Over the past week, we’ve taken several ferry rides on B.C. Ferries, ranging from a quick hop on the tiny Skeena Queen (connecting Fulford Harbor, on Salt Spring Island, with Swartz Bay) to a long chug on the Spirit of Vancouver Island (one of the massive ferries connecting Swartz Bay and Tsawwassen). Pet dogs are allowed on board, though not above the car decks. The B.C. Ferries web site is austerely brief on the topic: “Pets must remain on vehicle decks for the duration of a voyage.” When you’re on board, that message is reinforced by signs:
I was profoundly interested, therefore, when my husband returned to the car from a foraging expedition and reported that he’d seen a “Pets Area” on our deck. I couldn’t find any reference to pet areas on the B.C. Ferries web site, but here’s proof that they exist:
I called the main number for B.C. Ferries and the customer service rep I spoke to told me that the facilities for foot passengers traveling with pets vary by boat. The two big Spirit boats (the Vancouver Island that we traveled on and the Spirit of British Columbia) have “lightly-heated” rooms like this one, as do the three Coastal behemoths (Coastal Celebration, Coastal Inspiration, Coastal Renaissance).
At the other end of the scale, small vessels like the Mayne Queen and the Queen of Cumberland (and the Skeena Queen) have no facilities, or perhaps only a bench. Stacking chairs are on order for the Mayne Queen, I’m told.
How about the mid-sized vessels, like the Queen of Surrey, or the Queen of Nanaimo? Again, the facilities vary by vessel. The Nanaimo currently just has “benches” for travelers with dogs, but the Surrey has a “segregated pet area” (which sounds like something less than a room and more like an open area in the middle of a car deck) with “padded benches” and a heater. The thing to do is ask an employee as you get on board if there’s a place for you and your pup that’s out of the wind (my customer service rep told me that the staff typically volunteers the info, when they see someone walking on board with a dog). Also, be sure to equip yourself and your pup with warm clothing and/or a blanket, so you’re prepared for a just-a-bench situation (or for a heater that’s gone on the fritz).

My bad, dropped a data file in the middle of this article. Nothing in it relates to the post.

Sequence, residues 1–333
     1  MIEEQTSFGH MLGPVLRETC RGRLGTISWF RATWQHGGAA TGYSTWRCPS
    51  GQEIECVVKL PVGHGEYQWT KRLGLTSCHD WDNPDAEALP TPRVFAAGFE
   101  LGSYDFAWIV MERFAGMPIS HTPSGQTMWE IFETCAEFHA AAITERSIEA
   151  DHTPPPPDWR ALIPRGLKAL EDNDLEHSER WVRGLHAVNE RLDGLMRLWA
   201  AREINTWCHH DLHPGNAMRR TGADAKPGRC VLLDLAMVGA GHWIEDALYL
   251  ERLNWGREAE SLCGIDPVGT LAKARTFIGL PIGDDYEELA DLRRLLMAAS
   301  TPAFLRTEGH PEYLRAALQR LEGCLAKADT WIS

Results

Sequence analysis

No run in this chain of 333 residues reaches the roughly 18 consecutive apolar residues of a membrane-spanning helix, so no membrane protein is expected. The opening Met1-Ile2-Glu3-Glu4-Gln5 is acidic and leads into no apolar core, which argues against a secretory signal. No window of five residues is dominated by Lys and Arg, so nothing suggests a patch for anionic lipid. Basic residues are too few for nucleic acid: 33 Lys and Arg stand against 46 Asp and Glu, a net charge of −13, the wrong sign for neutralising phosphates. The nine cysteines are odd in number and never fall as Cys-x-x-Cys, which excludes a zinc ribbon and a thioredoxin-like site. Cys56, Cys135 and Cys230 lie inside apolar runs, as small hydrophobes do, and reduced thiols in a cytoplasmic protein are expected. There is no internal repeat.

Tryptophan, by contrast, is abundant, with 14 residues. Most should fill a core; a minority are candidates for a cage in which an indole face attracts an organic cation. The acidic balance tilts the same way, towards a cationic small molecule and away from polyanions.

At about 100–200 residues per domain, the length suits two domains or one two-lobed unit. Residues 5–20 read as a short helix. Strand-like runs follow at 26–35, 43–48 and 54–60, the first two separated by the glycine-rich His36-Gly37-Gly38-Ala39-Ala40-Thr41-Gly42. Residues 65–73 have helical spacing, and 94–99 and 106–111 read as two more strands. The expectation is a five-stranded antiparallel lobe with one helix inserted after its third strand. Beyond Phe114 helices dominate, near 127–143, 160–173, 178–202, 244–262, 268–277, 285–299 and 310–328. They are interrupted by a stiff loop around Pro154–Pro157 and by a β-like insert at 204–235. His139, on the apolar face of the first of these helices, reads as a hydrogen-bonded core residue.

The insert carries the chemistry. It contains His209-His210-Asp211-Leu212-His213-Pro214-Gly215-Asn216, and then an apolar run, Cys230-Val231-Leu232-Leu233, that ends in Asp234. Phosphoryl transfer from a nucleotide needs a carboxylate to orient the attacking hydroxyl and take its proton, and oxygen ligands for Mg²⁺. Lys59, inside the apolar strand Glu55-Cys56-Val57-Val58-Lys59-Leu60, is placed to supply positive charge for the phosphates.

The room I visited was fairly small, but it had lots of windows (the views were of the car deck, granted, but that’s still better than no windows at all). It was equipped with poop bags, trash can, basic cleaning supplies, and a water bowl. There were two benches running the length of the room and facing each other (I failed to notice whether they were padded or not). The three owners I met had, between them, four large dogs. One owner was reading, a couple were chatting, and the dogs all seemed content.
Drivers with a pet dog, like us, will be more comfortable in their cars. Here’s Chloe, snoozing her way to Salt Spring Island from Tsawwassen:
Be warned: On that particular ferry, there was no way to see out from the car deck. For someone accustomed to the open-sided boats of the Washington state ferry system, this view was a grim surprise:
Bring a Kindle or other backlit e-reader (there’s not enough light to read a regular book or do crafts, alas), watch a movie, or take a nap, and hope that your subsequent boats will have views more like this:
I was relieved to find that the Spirit of Vancouver Island, which took us from Swartz Bay back to Tsawwassen, had open sides, so the quality of the car deck experience must also vary by boat. There is wifi in five of the B.C. Ferries terminals (I can report that the Swartz Bay wifi does not reach as far as the parking lot), and on some “select” vessels accessing those terminals (none of our boats was sufficiently select, or perhaps it’s the case that the wifi signal doesn’t reach the car decks).